If you manage property assets have you considered that GDPR will apply to the information you hold relating to tenants?
Typically you will use and store tenants’ personal information and so will be legally required to comply with GDPR and you need to process and control this information in a transparent fashion, which includes explaining:
- What personal information you collect.
- Why you need their personal information.
- How you might use their personal information (including who the information might be shared with), and ensuring you only use it in that way (unless there are overriding legal precedents requiring the information).
- How long their personal information is retained for.
On a positive note GDPR is actually a good opportunity to take a look at how you’re organising tenancy documents in general and to improve your processes, making them more efficient and you may wish to issue an updated privacy notice. For more information on this topic click here for a recent article by DAC Beachcroft solicitors.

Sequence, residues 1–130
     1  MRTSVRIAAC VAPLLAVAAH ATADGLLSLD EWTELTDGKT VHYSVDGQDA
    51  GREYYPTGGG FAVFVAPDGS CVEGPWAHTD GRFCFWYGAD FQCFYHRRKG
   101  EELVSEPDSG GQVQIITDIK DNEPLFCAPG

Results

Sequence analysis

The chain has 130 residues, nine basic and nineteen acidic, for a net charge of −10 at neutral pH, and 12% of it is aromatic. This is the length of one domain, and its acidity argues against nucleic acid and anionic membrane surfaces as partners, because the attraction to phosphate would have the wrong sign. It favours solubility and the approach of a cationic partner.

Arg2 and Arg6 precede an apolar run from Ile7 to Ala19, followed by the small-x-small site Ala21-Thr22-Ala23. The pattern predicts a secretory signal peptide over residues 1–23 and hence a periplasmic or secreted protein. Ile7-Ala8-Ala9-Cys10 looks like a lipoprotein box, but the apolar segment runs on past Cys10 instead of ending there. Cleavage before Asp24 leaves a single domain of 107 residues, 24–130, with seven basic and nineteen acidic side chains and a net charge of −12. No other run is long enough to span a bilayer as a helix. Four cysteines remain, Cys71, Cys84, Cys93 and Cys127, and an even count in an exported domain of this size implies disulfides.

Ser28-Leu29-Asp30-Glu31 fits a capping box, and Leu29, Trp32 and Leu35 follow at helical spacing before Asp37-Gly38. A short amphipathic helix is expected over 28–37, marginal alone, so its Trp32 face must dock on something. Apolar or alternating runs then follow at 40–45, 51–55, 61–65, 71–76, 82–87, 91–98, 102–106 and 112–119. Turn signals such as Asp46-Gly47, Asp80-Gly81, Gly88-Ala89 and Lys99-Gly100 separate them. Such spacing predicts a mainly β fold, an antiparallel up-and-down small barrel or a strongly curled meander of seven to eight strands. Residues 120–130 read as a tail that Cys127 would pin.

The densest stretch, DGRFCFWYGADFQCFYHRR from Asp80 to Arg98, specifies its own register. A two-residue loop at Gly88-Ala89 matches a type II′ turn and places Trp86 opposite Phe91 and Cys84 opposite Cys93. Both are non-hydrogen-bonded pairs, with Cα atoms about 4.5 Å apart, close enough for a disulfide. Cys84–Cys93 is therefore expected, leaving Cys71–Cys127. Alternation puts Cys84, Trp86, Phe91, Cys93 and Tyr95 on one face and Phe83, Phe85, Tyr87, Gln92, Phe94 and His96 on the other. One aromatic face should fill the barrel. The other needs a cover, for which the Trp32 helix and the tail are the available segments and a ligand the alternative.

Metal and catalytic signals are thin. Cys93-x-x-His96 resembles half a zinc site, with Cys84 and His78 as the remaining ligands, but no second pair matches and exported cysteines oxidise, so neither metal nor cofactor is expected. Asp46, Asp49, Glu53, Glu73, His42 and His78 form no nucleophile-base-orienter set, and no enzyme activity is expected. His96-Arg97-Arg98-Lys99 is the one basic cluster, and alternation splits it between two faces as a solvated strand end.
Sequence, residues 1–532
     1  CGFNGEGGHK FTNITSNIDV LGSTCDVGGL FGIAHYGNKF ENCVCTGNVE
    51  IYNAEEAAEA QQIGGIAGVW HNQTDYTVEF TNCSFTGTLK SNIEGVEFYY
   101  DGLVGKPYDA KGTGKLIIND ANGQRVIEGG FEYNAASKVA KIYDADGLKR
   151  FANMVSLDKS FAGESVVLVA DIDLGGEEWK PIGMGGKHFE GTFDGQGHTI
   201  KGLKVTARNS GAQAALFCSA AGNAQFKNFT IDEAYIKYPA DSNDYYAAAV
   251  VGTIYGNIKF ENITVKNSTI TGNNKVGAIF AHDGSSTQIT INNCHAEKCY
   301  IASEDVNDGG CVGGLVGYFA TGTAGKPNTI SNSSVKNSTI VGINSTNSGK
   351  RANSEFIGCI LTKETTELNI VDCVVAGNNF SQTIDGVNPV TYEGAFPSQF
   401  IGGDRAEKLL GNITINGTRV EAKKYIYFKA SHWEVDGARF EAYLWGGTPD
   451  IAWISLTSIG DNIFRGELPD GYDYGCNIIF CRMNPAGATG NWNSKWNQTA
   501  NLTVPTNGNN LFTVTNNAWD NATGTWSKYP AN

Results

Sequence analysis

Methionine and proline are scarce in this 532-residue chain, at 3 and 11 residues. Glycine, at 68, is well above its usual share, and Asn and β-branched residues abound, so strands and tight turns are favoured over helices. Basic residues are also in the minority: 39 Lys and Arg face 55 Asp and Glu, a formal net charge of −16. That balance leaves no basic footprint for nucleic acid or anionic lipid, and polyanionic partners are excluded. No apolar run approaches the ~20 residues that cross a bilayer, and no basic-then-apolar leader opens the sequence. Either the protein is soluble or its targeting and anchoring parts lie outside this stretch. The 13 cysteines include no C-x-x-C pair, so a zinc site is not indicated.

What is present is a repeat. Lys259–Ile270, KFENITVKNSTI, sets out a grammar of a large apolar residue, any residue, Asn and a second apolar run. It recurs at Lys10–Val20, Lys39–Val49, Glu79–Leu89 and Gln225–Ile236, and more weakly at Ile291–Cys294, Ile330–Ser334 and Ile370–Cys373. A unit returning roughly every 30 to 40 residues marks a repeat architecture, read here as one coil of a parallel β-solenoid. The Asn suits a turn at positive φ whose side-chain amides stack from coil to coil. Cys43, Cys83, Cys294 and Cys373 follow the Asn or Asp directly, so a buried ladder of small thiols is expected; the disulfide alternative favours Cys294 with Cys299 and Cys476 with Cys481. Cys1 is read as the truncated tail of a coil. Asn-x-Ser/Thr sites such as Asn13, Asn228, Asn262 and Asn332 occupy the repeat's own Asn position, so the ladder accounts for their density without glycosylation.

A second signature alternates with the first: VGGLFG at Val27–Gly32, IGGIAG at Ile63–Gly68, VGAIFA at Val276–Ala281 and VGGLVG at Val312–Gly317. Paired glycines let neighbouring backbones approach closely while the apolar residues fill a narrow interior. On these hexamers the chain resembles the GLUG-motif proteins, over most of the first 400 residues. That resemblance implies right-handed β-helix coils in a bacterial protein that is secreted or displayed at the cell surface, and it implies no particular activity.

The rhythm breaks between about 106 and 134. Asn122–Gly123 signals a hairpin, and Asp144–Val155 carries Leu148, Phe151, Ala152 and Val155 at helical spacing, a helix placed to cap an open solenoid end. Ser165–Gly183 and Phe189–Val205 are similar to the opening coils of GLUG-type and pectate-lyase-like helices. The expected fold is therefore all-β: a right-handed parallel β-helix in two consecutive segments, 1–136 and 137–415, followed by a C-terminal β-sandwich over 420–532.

It is important to remember there is a risk of significant fines and penalties for any firms falling victim to a data breach and after a data breach, you will need to contact the Information Commissioner’s Office (ICO) within 72 hours, and, you will need a rapid plan of action for communicating to customers, suppliers and employees.
You are likely to incur costs for a combination of IT forensic investigation, legal assistance, communication logistics and, public relations and whilst risk management will help to prevent a cyber attack, even the best security does not always prevent an intrusion.
In the event that an incident does occur, cyber insurance provides a valuable safety net. Click here to learn more about Cyber Insurance.